Clinical Trial
Journal Article
Multicenter Study
Randomized Controlled Trial
Research Support, U.S. Gov't, P.H.S.
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Additional procedures after the initial vitrectomy or tap-biopsy in the Endophthalmitis Vitrectomy Study.

Ophthalmology 1998 April
OBJECTIVE: The study aimed to assess the frequency, indications, and outcome of additional ocular procedures after initial treatment of vitrectomy (VIT) or tap-biopsy (TAP) for patients with endophthalmitis after cataract extraction.

DESIGN: The study design was an analysis of observational data collected as part of a multicenter, randomized clinical trial.

PARTICIPANTS: Of the 420 patients enrolled in the Endophthalmitis Vitrectomy Study, the 148 who had additional procedures were compared with the 272 who did not.

MAIN OUTCOME MEASURES: The types, indications, and number of additional ocular procedures were assessed. A masked examiner measured visual acuity 9 to 12 months after study entry.

RESULTS: Within 1 week of study entry, 8% of VIT eyes and 13% of TAP eyes underwent additional procedures, 14% for complications of the initial procedure and 86% for worsening ocular inflammation or infection. Cultures were obtained in 33 of the 38 eyes operated on for worsening inflammation or infection and were positive in 42%. Cultures obtained from the early additional procedures were positive more frequently in eyes with an initial TAP (71%) than in eyes with an initial VIT (13%). Both virulence of initial microbiologic organism isolated and poor presenting vision were risk factors for requirement of reoperation. In all cases in which a single organism was cultured at the initial procedure, when the reculture was positive, it was the same organism. Late additional procedures (after 7 days) were required in 27% of patients. Visual outcome was much worse for eyes that had an additional procedure compared to eyes that did not, and this was especially the case for eyes that had an early additional procedure. Only 15% of eyes that had an early additional procedure achieved 20/40 visual acuity as compared to 57% of eyes that did not.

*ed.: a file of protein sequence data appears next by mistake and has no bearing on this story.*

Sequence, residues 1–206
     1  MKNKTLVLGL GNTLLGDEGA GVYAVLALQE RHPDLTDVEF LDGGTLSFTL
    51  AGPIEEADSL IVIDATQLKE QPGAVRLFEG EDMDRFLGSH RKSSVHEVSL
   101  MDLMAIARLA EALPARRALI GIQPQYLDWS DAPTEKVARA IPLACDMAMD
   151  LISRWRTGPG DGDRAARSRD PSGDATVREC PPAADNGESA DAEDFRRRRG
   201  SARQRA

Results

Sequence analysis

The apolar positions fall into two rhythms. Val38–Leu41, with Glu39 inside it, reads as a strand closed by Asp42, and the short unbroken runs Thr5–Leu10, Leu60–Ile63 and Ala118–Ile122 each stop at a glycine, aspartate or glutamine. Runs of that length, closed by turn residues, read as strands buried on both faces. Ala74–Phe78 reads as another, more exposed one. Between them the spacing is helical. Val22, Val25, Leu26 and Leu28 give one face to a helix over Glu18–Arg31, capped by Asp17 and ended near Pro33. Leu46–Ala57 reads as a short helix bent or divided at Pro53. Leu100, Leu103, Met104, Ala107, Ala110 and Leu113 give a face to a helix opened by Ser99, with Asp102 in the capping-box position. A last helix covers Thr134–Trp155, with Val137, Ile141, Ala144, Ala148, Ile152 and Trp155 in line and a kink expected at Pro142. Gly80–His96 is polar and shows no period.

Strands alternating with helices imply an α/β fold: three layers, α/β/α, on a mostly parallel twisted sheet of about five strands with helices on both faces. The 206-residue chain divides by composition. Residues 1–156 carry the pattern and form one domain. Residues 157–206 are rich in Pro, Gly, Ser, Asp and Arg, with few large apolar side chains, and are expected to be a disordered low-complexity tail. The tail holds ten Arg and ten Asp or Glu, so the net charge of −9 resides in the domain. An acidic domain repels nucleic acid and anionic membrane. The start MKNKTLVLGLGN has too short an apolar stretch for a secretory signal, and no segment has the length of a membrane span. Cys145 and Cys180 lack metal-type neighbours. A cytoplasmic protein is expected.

CONCLUSION: Need for an additional procedure was a marker of more severe disease, and patients who underwent additional procedures achieved poorer visual acuity at final follow-up.

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